I expect your upcoming year in school to be profitable and enjoyable. In order to enhance that profit and enjoyment I offer some advice for relating to others in the school.
Most likely some students in the school will not be Christians. They may consider themselves Christians and have Christian parents. But their attitude and behavior suggests they are not. How should you relate to these students? You should be kind. You should maintain a relationship that permits you to evangelize and otherwise influence these students if they are open to that. But you need to maintain some “distance.” Do not be influenced by them and beware of any scoffing.
Most likely some students in the school will be earnest Christians who desire to please the Lord; however, there are differences from you in some of their behavior and/or in their beliefs about Bible teaching. Your interaction with these students can be more disappointing than your relationship with non-Christians, because you are expecting more. You feel a kinship and yet there are obstacles. How should you relate to these students? Be open to an enjoyable and profitable friendship in spite of the differences. Let your motto be: If God can be his friend, so can I. If God is on good terms with him, so should I.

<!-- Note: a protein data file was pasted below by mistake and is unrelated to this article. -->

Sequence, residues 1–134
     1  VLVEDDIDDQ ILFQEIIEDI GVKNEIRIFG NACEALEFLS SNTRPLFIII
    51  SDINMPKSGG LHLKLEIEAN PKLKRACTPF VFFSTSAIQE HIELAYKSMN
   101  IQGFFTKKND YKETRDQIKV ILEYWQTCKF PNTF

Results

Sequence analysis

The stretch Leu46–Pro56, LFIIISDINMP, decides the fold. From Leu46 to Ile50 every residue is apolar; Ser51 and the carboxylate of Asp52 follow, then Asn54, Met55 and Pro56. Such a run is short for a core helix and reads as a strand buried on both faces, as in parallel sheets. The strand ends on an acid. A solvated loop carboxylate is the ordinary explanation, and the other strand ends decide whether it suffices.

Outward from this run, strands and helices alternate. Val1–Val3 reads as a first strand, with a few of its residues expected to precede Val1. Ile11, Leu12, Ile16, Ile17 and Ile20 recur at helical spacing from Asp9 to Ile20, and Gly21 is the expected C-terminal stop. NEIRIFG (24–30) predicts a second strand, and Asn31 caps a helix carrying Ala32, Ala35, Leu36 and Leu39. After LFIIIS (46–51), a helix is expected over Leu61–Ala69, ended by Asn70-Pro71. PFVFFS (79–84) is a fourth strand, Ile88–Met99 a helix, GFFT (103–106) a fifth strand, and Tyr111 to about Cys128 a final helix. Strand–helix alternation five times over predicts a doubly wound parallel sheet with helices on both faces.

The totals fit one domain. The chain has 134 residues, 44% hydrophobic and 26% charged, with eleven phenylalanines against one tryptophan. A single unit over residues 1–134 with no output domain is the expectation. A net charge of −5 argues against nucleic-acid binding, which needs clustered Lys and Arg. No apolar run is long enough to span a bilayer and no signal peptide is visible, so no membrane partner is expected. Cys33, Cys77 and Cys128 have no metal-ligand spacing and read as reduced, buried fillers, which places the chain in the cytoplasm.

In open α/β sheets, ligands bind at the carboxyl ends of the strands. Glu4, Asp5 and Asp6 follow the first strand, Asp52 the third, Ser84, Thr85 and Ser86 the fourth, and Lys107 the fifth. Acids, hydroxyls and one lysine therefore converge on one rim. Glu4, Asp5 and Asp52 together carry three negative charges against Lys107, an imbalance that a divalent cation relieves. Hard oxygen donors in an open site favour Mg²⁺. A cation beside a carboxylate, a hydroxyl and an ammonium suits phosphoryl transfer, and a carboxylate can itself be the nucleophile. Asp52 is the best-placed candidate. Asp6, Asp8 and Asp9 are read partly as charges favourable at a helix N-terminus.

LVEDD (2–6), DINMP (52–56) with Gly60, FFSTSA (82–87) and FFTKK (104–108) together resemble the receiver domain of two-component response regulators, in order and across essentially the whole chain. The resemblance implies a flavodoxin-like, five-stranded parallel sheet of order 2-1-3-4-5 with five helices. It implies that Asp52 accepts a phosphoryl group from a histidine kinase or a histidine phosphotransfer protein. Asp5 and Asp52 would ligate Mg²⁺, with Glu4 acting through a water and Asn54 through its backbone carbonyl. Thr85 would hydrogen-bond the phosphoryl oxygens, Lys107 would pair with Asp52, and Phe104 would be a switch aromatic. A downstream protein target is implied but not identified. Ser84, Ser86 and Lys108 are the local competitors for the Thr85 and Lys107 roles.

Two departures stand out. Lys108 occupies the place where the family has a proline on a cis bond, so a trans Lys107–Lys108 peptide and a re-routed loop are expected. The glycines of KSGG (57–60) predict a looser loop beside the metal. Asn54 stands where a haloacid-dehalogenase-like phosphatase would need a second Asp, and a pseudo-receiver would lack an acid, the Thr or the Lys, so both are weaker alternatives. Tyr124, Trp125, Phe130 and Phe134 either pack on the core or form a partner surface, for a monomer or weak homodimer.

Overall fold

Talk to your parents or pastor about the differences with a goal of being comfortable and confident about your beliefs. Don’t sacrifice your beliefs and your conscience.
In some cases you may say to a person “You and I have different beliefs about that. Still, I like and respect you and I want to be your friend.” In other cases you won’t say that; you’ll just act that way. If the friendship and respect are not returned – move on.
You may have a teacher with a belief different from yours. Again, if he is on good terms with God, he can be on good terms with you. Continue to respect and learn from that teacher.
Differences in beliefs about behavior and doctrine may limit your interaction with some Christians and cause you to spend more time interacting with some Christians more than others. But differences with genuine Christians who are pleasing to God should not destroy the blessings of kinship in the body of Christ.